Paul’s Interest in the Colossians

24 Now I rejoice in my sufferings for your sake, and in my flesh I complete what is lacking in Christ’s afflictions for the sake of his body, that is, the church, 25 of which I became a minister according to the divine office which was given to me for you, to make the word of God fully known, 26 the mystery hidden for ages and generations but now made manifest to his saints. 27 To them God chose to make known how great among the Gentiles are the riches of the glory of this mystery, which is Christ in you, the hope of glory. 28 Him we proclaim, warning every man and teaching every man in all wisdom, that we may present every man mature in Christ. 29 For this I toil, striving with all the energy which he mightily inspires within me.”

substantivos concretos:






tronos (dúbio)


toda criatura mortal

São Paulo

meus sofrimentos

minha carne

os pagãos

Nada mais abstrato do que “a imagem do deus invisível”.


1-2 Paul, messenger of Jesus Christ by God’s will, and brother Timothy send this greeting to all faithful Christians at Colossae: grace and peace be to you from God our Father and the Lord Jesus Christ!

We thank God for you and pray constantly for you

3-6 I want you to know by this letter that we here are constantly praying for you, and whenever we do we thank God the Father of our Lord Jesus Christ because you believe in Christ Jesus and because you are showing true Christian love towards other Christians. We know that you are showing these qualities because you have grasped the hope reserved for you in Heaven—that hope which first became yours when the truth was brought to you. It is, of course, part of the Gospel itself, which has reached you as it spreads all over the world. Wherever that Gospel goes, it produces Christian character, and develops it, as it had done in your own case from the time you first heard and realised the amazing fact of God’s grace.

7-10 You learned these things, we understand, from Epaphras who is in the same service as we are. He is a most well-loved minister of Christ, and has your well-being very much at heart. As a matter of fact, it was from him that we heard about your growth in Christian love, so you will understand that since we heard about you we have never missed you in our prayers. We are asking God [terrível telemarketing!] that you may see things, as it were, from his point of view by being given spiritual insight and understanding. We also pray that your outward lives, which men see, may bring credit to your master’s name, and that you may bring joy to his heart by bearing genuine Christian fruit, and that your knowledge of God may grow yet deeper.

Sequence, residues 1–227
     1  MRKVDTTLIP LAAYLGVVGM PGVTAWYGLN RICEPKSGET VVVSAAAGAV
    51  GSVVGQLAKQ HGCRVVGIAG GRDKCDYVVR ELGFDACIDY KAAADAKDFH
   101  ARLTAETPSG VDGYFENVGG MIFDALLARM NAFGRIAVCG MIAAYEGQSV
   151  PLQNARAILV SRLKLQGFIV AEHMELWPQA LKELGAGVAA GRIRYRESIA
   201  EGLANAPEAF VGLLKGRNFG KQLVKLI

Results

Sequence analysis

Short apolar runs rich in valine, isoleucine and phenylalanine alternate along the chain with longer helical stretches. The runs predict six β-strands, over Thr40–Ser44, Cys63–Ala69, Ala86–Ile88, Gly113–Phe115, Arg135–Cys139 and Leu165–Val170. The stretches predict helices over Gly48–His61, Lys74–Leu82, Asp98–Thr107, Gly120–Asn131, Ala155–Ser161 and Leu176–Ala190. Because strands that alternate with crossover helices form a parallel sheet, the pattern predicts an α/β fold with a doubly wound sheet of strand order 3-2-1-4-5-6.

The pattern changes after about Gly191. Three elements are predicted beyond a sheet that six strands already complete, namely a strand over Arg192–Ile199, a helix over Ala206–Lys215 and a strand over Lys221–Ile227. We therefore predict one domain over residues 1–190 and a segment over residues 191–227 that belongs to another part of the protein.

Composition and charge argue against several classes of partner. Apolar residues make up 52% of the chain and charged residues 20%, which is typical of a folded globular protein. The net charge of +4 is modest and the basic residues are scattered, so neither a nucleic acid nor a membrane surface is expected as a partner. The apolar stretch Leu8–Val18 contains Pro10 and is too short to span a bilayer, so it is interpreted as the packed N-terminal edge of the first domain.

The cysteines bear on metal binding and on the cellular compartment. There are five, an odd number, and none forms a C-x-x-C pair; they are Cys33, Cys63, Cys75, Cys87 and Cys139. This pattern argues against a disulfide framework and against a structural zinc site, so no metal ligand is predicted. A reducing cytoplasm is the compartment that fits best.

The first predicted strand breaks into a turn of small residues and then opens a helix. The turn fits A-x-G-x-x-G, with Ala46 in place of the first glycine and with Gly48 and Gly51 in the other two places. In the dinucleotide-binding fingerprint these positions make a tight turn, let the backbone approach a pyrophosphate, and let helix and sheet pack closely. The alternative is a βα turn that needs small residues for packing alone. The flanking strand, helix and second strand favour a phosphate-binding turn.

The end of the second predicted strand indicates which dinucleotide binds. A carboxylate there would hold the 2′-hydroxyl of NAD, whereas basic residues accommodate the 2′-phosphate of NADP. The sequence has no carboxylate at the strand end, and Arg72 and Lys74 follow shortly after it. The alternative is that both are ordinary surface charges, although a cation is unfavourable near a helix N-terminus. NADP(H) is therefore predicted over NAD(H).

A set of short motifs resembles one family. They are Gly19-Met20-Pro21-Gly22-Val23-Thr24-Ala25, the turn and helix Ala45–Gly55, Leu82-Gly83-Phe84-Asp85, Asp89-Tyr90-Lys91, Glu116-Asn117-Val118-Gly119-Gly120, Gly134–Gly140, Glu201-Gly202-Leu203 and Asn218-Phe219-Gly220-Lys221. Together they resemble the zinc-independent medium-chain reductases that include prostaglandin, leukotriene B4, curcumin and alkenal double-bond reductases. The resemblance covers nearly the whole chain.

We pray for you to have real Christian experience

11-14 As you live this new life, we pray that you will be strengthened from God’s boundless resources, so that you will find yourselves able to pass through [zzz] any experience and endure it with courage. You will even be able to thank God in the midst of pain and distress because you are privileged to share the lot of those who are living in the light. For we must never forget that he rescued us from the power of darkness, and re-established us in the kingdom of his beloved Son, that is, in the kingdom of light. For it is by his Son alone that we have been redeemed and have had our sins forgiven.

Who Christ is, and what he has done

15-20 Now Christ is the visible expression of the invisible God. He existed before creation began, for it was through him that every thing was made, whether spiritual or material, seen or unseen. Through him, and for him, also, were created power and dominion, ownership and authority. In fact, every single thing was created through, and for him. He is both the first principle and the upholding principle of the whole scheme of creation. And now he is the head of the body which is composed of all Christian people [Mega Zord da Paixão]. Life from nothing began through him, and life from the dead began through him, and he is, therefore, justly called the Lord of all. It was in him that the full nature of God chose to live, and through him God planned to reconcile in his own person, as it were, everything on earth and everything in Heaven by virtue of the sacrifice of the cross.

21-23 And you yourselves, who were strangers to God, and, in fact, through the evil things you had done, his spiritual enemies, he has now reconciled through the death of his body on the cross, so that he might welcome you to his presence clean and pure, without blame or reproach. This reconciliation assumes, of course, that you maintain a firm position in the faith, and do not allow yourselves to be shifted away from the hope of the Gospel, which you have heard, and which, indeed, the whole world is now having an opportunity of hearing. [AGUARDE NA LINHA ENQUANTO RESOLVEMOS O SEU PROBLEMA, SR.!]

My divine commission [$$$]